Rules and Regulations

Do your research before throwing your satellite phone into your luggage. A surprising number of countries heavily regulate satellite phone use and some that outright ban the technology.

India, Russia, Nicaragua, China, and Chad top the list of several countries that will confiscate your cell phones at the border, and some have arrested travelers for using the technology. 

If you are planning on entering restricted satellite space, you should look towards alternate forms of communication. We’ll explore satellite-powered messenger devices below which serve as great alternatives if you’re heading to a no-fly zone. 

Iridium 9555 Satellite Phone

Iridium 9555

  • > $
  • > Simple-to-use interface
  • > Comes with Handsfree options
Globalstar GSP 1700

Globalstar GSP-1700

  • > $
  • > Affordable
  • > Offers great texting, email, and coordinate sharing abilities

The Best Satellite Phone For Backpacking?

A satellite phone is a piece of gear you hope you never have to use, but it only takes one emergency scenario to justify keeping one handy. 

When it’s time to make the call, you probably won’t have the luxury of time to wait around for faulty satellites to connect, and one dropped call can spell doom for your trip. 

We spent some serious time away from cell towers compiling our list of the best satellite phones on the market. These bad boys will always be ready when you need them the most, as long as you remember to pack the charger. 

Iridium Extreme 9575

Iridium Extreme 9575


  • Battery hours (talk/standby): 4/30
  • Coverage: Everywhere
  • Waterproof? Yes
  • Price: 1145

Thanks to Iridium’s LEO satellite network and excellent battery life, this satellite phone is the best of the best. If money isn’t you’re deciding factor, there is no other option that compares to the Iridium Extreme. 

These phones use military-grade technology to provide the durability needed for extreme adventure from the motherboard on out. They’re water-resistant, dust and shock-proof, and more than capable of taking a few blows and working fine. 

All of this is supported by 100% coverage across the earth, so you’ll never be too far gone.

There is no other phone on the market that offers the same combination of reliability, powerful battery life, hardcore design, and the possibility to add on a Wi-Fi hotspot. 


  • Most durable phone on the market
  • Worldwide communication
  • Can be upgraded with a Wifi Hotspot

Inmarsat IsatPhone 2

Inmarsat IsatPhone 2


  • Battery Life (hours): 8/160
  • Coverage: 6 continents, no poles
  • Waterproof? Yes
  • Price: 599

Inmarsat is the other worldwide satellite phone leader, and their flagship phone presents a hefty challenge to the dominance of the Iridium Extreme. The first thing that jumps out is the affordable price point. 

While this phone may not have the eye-popping features of the industry leader, it also has an enticingly low price, and there is a meager chance you’ll ever need anything more than this LsatPhone. 

The phone features a dedicated SOS button that pings help thanks to the included GPS tracker. The emergency center is located in Texas which won’t do you much good if you’re in Asia, but North, Central, and South American adventures will have a reliable support system in their time zone.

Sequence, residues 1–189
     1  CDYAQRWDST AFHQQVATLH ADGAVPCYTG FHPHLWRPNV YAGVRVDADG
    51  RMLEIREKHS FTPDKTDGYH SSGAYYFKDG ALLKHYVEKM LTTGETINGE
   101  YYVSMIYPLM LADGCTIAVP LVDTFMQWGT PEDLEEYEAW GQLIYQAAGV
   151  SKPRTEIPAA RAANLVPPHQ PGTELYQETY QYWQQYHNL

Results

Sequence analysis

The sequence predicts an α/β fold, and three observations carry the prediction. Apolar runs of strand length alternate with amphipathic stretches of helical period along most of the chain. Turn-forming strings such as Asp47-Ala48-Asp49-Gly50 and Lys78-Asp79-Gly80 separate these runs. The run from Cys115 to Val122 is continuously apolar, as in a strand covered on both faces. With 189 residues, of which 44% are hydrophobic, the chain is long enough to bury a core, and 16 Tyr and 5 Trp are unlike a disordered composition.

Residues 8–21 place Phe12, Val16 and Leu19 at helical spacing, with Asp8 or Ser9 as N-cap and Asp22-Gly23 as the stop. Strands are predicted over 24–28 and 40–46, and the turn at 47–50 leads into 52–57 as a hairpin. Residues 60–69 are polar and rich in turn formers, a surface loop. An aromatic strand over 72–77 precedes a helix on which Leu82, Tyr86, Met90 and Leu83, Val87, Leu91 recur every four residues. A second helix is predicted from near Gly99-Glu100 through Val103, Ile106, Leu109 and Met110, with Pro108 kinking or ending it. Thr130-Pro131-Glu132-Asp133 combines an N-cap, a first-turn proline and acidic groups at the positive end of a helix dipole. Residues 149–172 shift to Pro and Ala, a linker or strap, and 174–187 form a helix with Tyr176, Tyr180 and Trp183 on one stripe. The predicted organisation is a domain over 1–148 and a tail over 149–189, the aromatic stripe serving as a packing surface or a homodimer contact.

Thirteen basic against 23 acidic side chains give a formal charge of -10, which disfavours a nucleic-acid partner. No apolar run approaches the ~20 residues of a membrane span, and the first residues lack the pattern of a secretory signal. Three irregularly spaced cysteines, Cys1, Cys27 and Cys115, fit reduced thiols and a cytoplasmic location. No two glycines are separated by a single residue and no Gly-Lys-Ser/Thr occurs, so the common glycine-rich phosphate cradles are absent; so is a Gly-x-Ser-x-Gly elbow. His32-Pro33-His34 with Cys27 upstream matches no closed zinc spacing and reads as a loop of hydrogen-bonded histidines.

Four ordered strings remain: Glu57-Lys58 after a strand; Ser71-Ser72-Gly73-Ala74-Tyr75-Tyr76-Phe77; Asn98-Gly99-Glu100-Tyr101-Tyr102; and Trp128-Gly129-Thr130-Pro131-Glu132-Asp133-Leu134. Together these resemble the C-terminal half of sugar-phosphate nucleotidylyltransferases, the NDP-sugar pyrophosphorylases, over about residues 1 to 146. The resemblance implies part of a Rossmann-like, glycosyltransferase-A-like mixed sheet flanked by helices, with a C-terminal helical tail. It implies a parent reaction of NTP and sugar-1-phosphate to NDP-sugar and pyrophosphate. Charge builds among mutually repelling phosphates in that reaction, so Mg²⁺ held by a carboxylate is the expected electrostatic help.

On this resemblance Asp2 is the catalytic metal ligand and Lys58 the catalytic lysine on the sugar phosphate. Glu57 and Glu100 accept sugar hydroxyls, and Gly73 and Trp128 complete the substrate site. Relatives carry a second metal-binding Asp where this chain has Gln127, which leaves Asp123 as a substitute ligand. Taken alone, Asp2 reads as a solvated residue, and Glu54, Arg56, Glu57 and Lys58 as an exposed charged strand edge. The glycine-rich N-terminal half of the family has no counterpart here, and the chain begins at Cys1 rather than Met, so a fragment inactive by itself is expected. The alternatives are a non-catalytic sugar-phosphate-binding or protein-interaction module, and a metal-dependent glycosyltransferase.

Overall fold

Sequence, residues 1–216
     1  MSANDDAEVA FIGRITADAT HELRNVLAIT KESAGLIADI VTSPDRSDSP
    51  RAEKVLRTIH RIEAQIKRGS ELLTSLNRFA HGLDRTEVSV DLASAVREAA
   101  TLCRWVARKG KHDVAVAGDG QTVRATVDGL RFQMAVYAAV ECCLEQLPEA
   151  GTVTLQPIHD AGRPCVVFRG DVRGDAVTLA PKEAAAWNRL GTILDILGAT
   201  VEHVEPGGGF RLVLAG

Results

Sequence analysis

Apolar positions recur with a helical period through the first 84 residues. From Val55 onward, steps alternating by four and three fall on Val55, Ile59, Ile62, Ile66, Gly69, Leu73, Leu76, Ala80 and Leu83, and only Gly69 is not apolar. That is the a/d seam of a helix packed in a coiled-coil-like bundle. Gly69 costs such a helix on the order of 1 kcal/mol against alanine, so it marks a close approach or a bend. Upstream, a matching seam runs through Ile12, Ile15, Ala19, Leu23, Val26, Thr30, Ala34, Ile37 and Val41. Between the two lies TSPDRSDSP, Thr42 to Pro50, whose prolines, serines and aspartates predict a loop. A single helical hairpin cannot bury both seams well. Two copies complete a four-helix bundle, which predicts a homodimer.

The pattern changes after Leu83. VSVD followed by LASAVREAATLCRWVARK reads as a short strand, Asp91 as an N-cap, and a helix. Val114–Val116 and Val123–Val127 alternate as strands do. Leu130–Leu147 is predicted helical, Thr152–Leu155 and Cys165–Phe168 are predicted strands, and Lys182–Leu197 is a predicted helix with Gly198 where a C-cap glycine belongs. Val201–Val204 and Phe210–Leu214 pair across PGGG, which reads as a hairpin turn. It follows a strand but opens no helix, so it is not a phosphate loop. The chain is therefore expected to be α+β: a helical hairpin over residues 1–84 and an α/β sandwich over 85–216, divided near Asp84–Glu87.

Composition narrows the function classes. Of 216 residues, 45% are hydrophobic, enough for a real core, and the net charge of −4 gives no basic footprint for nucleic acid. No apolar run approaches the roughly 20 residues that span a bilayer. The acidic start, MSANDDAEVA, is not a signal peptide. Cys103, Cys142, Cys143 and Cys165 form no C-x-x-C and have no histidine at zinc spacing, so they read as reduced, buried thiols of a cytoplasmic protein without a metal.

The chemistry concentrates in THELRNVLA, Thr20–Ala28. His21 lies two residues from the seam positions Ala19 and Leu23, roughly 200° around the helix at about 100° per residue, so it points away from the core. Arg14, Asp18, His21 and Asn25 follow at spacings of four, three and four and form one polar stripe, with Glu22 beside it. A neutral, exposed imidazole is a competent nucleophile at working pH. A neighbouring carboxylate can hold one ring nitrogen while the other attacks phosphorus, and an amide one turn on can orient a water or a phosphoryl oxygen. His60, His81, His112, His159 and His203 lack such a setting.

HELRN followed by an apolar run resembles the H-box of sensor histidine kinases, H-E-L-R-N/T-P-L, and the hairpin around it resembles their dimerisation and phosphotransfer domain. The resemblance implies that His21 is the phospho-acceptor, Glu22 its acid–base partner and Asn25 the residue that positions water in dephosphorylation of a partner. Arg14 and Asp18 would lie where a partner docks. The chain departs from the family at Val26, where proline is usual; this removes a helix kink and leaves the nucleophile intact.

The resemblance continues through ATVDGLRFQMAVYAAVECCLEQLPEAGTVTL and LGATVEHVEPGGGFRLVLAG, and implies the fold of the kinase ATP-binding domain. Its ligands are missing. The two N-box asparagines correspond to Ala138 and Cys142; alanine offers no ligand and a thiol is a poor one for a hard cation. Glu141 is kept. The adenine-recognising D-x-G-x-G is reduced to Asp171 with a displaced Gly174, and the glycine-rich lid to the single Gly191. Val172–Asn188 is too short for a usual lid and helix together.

Take your time while shopping for the LsatPhone, and you could be rewarded with deals, as the phone is often offered for free if you purchase a year-long plan. A lightweight design and incredible battery life highlight this barebones, advanced satellite phone.


  • Affordable and Lightweight
  • Best Battery on the Market
  • Can often be found for cheap


  • Outdated Interface
  • Chunky Antennae
  • Won’t work in Antarctica

Iridium 9555

Iridium 9555 Satellite Phone


  • Battery Life (hours): 3/30
  • Coverage: Everywhere
  • Waterproof? No
  • Price: 945

Our second Iridium option gives you access to the 100% satellite coverage of Iridium satellites at a lower price than the extreme 9575. This phone won’t come with the same military-grade protection as its extreme older brother, but that certainly doesn’t make it frail. 

This satellite phone retains tons of great features from the mobile phone industry providing a simple-to-use interface and a headset for hands-free calling. 

You’ll really feel like a wilderness explorer from Hollywood when you whip out the clunky antennae before each call, but finding reception will be quick and easy whether you’re halfway up the Cotopaxi or halfway down the Amazon river.

It’s built tough, small enough to fit into any day bag, and provides hours of call time per battery. The one-button emergency ping is the cherry on top, making this an excellent satellite phone for millions of adventures.


  • Older Model, which means discounts
  • Backlit display
  • Comes with Handsfree options


  • No GPS positioning
  • Manually activated antennae
  • Has been known to drop calls

Globalstar GSP-1700

Globalstar GSP 1700


  • Battery Life (hours): 4/36
  • Coverage: 3.5 Continents
  • Waterproof? No
  • Price: 499

The cheapest satellite phone on the market, Globalstar is still working out the kinks of its satellite phone service. 

While the coverage is excellent in North America, there are miles and miles of magical scenery that the Globalstar still can’t cover. Because of this, we don’t recommend taking this satellite phone with you on trips to Asia or Africa as the coverage simply isn’t there yet. 

If you plan on doing most of your traversing within the United States or Europe, you may not need anything more, and this phone works well as an affordable option for those who only need a satellite phone for a special occasion. 

This is the companies first foray into the phone universe having previously offered up only satellite messengers. You can bank on the technologies packed into this device to improve steadily over the next few years, and the present-day iteration offers great texting, email, and coordinate sharing abilities. 


  • Cheapest Sat Phone on our list
  • Full Keyboard
  • Deals as low as 65$ for 150 minutes


  • Poor coverage network
  • Poor battery life
  • Not Waterproof

Thuraya X5 Touch

Thuraya X5 Touch


  • Battery Life (hours): 9/160
  • Coverage: 2.5 continents
  • GPS: Yes
  • Price: 1229

This satellite phone has incorporated many popular elements of smartphones such as a touchscreen and 4G LTE capabilities. It’s still no iPhone, but Thuraya has provided the most feature-rich satellite phone on the planet. 

What it hasn’t provided is worldwide access. Thuraya does not currently provide service for this phone in North or South America.  

If you’re staying in the old world, it’s a worthy companion. The phone features a 5.2” HD touchscreen, runs on an Android operating system, and even includes a camera. Two separate SIM slots allow you to use this phone on GSM cell networks and easily switch to satellite service.